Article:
Last night at 5 pm, I woke Aubrey up so we could go get Dane at school. She had a raging fever (103.9 -- her whole body felt so hot) and terrible pains in her "waist". She had gone to sleep next to me an hour earlier saying her waist hurt then too, but as I massaged her a little, she fell asleep. When she woke, though, it had all escalated so quickly I thought something serious might be up. I quickly got a ride home from school arranged for Dane and hauled Aubrey to the ER.

We spent 5 hours there, ultimately getting an ultrasound to check for appendicitis and kidney infection. They sort of ruled out appendicitis after the ultrasound (but not fully -- I was supposed to keep monitoring her for symptoms like increased "waist" pain, nausea, vomiting, headache, more fever, etc.); her urine tested positive for kidney infection, and her blood test showed her white blood count up. They also found enlarged lymph nodes in her belly -- all of these things a possible reaction to the antibiotics she was on last week for Strep Throat (and a medical condition often confused with appendicitis).

They gave her a shunt early on and ended the visit with an IV drip of antibiotics. The shunt was the worst part for Aubrey. She cried in anguish -- and that's no understatement. She's usually good about shots and stuff but this was too painful for her (and scary looking, even though she tried to look at me while they inserted it and they covered it for her with gauze afterward). She kept saying it felt like it was on fire, and it was in her arm for 3 hours.

We eventually got to come home around 10 with Mick (he showed up about 8) with a prescription for antibiotics for kidney infection and instructions to come back if any symptoms increased.

She woke up at 3 then with a terrible headache, a fever that wouldn't come down with fever-reducer, nausea, and more pain in her right side. So, I decided at 4am to take her to the ER again. When we got there, she realized it was the ER and not just the doctor's office and she broke down begging me not to take her in because she didn't want another shunt. After lots of conversation, we decided to go in and tell them we wanted to avoid another shunt, if possible, but we understood they could help us. (The nurses earlier had been so proud of her -- they said she was "agreeable" even though she had to get the shunt and a suppository, which she later said wasn't that bad because it "wasn't a shunt and it felt cold and slippery like an ice cube.")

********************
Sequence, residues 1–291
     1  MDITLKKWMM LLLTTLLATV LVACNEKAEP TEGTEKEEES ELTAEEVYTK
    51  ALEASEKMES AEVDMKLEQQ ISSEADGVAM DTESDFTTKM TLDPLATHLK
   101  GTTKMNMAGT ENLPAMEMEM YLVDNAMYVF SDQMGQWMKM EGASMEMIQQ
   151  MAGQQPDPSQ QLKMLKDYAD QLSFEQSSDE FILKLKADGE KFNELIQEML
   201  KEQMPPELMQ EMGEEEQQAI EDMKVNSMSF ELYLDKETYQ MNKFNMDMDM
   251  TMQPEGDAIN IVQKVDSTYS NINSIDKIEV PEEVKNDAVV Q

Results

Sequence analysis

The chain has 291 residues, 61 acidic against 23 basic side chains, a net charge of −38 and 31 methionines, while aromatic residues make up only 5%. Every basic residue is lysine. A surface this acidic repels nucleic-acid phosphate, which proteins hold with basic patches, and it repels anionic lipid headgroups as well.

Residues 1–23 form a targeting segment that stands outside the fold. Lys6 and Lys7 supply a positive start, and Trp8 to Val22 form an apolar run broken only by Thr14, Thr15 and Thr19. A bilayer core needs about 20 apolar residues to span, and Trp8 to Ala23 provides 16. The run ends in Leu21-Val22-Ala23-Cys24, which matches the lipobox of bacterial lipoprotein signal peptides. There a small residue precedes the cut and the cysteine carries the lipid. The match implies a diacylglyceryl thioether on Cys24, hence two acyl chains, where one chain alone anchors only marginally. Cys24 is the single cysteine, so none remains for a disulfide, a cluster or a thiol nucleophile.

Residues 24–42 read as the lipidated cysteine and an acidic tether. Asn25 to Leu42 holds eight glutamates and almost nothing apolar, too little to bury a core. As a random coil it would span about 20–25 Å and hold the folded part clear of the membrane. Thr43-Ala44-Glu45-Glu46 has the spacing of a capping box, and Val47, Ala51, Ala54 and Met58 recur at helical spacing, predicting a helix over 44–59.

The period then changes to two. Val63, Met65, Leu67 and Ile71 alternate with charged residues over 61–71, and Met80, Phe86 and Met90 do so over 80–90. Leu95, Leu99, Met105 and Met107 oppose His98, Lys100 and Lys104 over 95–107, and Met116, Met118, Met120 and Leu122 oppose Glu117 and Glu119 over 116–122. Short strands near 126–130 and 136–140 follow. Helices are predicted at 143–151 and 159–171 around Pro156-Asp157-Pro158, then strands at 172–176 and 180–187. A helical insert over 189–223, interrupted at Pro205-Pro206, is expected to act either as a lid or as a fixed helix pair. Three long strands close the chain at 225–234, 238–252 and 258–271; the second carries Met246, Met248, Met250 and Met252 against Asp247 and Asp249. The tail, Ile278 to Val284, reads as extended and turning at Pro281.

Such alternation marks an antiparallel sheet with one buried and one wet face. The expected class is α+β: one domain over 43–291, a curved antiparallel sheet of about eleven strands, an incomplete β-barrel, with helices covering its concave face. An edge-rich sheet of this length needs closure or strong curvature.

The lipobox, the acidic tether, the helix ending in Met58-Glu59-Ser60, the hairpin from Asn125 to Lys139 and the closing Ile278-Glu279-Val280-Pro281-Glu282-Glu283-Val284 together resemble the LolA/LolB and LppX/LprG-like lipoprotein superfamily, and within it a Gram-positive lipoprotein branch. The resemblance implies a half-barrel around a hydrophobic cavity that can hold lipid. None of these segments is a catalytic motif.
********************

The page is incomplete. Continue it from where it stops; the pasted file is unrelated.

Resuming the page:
The doctor checked again to make sure there weren't signs of appendicitis and he thought she was okay to come back home with Motrin and Tylenol switched off every 3 hours to relieve the pain and reduce the fever. We got back at 5am and she slept soundly then, until just now (10 am). She's in good spirits, taking a much-needed bath and eating a popsicle.

Monday, March 26, 2007

With Joan Blades

Joan Blades, co-founder of and, spoke at my writing salon last night. She believes that grassroots movements are key to making political changes. You might remember what did for the presidential bids in 2000? started back in 1998 with the simple and direct petition around the Clinton impeachment hearings: "Censure the president and move on." They urged Congress to quickly take care of business with the impeachment hearings and be responsible for other significant issues at stake for the nation. What started out as an email Blades and her husband sent to 100 of their friends, is now an organization that has 3 million members. (Read more about it in Wikipedia -- try googling her name or the term "")